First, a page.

If we are to see greater devolution from Whitehall to cities in the years ahead, quality will be more important than quantity.
The Government has today announced that it has received 38 proposals to devolve power down from Whitehall to town halls all across the country. The list of places stretches right across England, Scotland and Wales, and although there is some overlap (particularly in Yorkshire), the number does reflect the strong levels of appetite that now exist in towns and cities across the country to take on more power and responsibility, to grow their economies and deliver public services in the future.
Full list of devolution proposals received on 4 September
3 Cheshire and Warrington
7 ‘D2N2’ – Derbyshire, Derby, Nottinghamshire and Nottingham
10 Greater Brighton
11 Greater Essex
12 Greater Lincolnshire
13 Greater Manchester
14 Greater Yorkshire
15 Hampshire & Isle of Wight
16 Heart of the South West
18 Hull, Yorkshire, Leeds City Region and the Northern Powerhouse
19 Inverness & Highland City
20 Leeds City Region
21 Leicester and Leicestershire
22 Liverpool City Region
26 North East
28 Sheffield City Region
29 Surrey, West Sussex & East Sussex
32 Tees Valley
33 Telford & Wrekin
34 West Midlands
35 West of England
38 York, North Yorkshire and East Riding
The large number of proposals submitted also reflects the progress that has been made in many areas to forge closer working relationships to deliver services at the city-region level, and both this, and the continued enthusiasm for greater levels of devolution is to be welcomed and not taken for granted.
Equally however, it would be wrong to allow ourselves to get carried away – this is, after all, just the latest in a succession of initiatives over the last five years designed to attract proposals from local government for greater autonomy, and yet the UK remains the most centralised country in the western world.
Indeed, the evolution of the city deals process through the last Parliament reminds us that lots of devolution deals does not necessarily mean lots of devolution – even when the Government and cities are determined to deliver it. Beginning with just eight ambitious deals with the members of the Core Cities group at that time, the City Deals process promised to transform the relationship between local government and the centre by introducing new and innovative financing mechanisms, and giving cities far more control over important policy areas like housing and skills.
However, in the face of increasing political pressure to extend this approach to other, smaller towns and cities across the country, the Government opened up the process to a further 20 places. The result was a second set of deals that were far more generic and small in scale – often more closely resembling a traditional allocation of funding, rather than the devolution of any strategic or fiscal power.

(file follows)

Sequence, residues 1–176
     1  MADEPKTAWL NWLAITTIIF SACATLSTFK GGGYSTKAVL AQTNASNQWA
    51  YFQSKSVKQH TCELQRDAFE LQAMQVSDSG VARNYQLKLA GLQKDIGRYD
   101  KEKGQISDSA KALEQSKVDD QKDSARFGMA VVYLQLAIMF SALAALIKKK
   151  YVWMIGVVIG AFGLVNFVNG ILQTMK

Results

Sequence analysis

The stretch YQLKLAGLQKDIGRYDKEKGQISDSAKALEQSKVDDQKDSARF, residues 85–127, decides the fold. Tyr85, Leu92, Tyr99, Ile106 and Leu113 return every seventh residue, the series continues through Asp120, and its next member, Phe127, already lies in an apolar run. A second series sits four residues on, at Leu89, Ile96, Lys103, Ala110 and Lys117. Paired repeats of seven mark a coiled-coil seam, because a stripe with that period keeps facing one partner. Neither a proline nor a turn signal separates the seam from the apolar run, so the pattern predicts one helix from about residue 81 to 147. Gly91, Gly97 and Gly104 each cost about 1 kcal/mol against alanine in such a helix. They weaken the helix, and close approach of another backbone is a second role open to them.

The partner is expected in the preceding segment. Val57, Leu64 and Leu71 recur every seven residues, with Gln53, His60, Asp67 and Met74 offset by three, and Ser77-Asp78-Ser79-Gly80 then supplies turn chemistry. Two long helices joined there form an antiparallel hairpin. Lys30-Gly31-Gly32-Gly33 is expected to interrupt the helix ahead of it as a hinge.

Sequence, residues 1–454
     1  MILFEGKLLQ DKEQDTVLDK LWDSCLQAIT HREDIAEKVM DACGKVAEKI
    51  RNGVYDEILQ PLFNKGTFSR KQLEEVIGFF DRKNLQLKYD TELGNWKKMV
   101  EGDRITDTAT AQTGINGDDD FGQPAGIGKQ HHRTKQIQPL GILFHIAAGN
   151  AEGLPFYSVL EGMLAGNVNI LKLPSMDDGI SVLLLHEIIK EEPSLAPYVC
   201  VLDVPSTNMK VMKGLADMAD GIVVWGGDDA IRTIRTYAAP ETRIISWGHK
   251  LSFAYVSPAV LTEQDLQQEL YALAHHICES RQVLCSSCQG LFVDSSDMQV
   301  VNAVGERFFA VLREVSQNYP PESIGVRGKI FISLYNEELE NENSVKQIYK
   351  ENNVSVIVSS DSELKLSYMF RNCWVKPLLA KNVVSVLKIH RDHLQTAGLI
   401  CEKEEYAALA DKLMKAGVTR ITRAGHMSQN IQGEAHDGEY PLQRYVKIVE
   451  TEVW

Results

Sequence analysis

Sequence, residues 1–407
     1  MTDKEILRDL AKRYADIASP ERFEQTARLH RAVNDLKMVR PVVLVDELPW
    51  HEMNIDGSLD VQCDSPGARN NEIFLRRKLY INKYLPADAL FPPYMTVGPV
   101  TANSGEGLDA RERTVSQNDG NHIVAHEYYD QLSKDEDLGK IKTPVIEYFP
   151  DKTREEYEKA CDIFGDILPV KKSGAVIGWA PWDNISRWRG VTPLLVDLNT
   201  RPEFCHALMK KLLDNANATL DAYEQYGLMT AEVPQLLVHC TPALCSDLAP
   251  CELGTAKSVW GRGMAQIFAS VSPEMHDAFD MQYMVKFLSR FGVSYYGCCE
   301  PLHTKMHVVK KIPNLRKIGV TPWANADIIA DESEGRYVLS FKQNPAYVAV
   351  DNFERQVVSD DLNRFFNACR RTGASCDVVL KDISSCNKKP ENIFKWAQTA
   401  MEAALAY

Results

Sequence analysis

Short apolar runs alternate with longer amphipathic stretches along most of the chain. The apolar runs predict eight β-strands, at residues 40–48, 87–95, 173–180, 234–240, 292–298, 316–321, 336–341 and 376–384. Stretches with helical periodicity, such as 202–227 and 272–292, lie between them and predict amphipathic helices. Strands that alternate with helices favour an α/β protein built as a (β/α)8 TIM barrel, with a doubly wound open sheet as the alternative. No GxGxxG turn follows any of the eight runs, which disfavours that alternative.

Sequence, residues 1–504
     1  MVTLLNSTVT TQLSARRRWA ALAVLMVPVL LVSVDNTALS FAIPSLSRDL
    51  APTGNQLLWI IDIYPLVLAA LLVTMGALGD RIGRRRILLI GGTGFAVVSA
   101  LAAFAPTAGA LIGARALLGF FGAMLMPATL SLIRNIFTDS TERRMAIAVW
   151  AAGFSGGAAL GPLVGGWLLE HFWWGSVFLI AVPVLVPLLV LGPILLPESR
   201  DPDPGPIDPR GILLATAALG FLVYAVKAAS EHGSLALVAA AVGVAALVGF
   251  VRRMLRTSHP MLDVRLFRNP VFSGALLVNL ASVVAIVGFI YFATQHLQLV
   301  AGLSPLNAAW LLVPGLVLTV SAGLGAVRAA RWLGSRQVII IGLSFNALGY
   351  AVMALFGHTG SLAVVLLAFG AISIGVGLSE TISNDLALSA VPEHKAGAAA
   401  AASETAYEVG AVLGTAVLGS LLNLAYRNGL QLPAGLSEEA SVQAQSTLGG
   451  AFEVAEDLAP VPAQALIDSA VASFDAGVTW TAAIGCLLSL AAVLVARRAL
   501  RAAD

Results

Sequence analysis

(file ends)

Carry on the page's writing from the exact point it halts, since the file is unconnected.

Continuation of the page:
This dilution of scale and ambition in the second round of City Deals points to capacity and resource limits at both the local and national levels to deliver substantial devolution. Negotiating and securing nearly 30 separate deals, each bespoke and each against varying local political backdrops, proved to be an almost impossible task for officials at all levels. Indeed, the extent of political power and technical capacity required to first agree, and then implement, devolution of the kind now proposed for Greater Manchester – just one city region – should not be underestimated.
This suggests that there is likely to be a limit on the number of ambitious deals secured come the Comprehensive Spending Review, but it also tells us something about what success would look like for this stage of the city devolution process. Of course the Government should try and secure as many deals as possible that improve the ability of places to unlock economic growth in their area, and they are right to be pleased that so many places have come forward keen to take on more power and responsibility. But quality is more important than quantity. The real test for whether we are likely to see substantial devolution from Whitehall in the years ahead will be whether we see two or three more major deals announced that include the kind of strategic housing, transport and planning powers currently contained within the Greater Manchester Deal.
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A succinct and well argued piece based upon the basic understanding of change, and the inertia which has inevitably been built up in what should be a dynamic system of governance. The process of change, and the system’s capacity to deliver it is where the real, effort must lie as the more exciting and demanding these deals become the more talent and advice they will attract. Let’s all do what we can to support those empowered to design and deliver the kind of change upon which we all agree.
I have to admit that at officer level in local authorities in London there is concern about the whole devolution equally cuts and risk transfer issue. Getting involved in the tail-end of the Work Program is a good example.